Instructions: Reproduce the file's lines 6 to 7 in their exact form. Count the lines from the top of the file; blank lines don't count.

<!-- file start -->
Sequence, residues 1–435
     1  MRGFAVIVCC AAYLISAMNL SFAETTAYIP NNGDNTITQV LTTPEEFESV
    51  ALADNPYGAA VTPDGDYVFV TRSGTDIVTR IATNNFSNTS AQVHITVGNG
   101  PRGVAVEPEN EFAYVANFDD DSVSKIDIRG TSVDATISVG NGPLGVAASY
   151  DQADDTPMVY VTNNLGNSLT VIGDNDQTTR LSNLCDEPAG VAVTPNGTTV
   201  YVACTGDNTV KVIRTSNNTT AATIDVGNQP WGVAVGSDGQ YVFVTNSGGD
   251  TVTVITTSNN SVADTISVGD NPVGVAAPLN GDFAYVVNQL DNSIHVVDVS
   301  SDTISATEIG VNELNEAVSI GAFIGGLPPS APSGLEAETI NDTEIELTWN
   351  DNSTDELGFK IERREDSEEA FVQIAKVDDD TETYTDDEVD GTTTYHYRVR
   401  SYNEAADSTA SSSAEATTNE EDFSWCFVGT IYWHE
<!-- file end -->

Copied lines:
   201  YVACTGDNTV KVIRTSNNTT AATIDVGNQP WGVAVGSDGQ YVFVTNSGGD
   251  TVTVITTSNN SVADTISVGD NPVGVAAPLN GDFAYVVNQL DNSIHVVDVS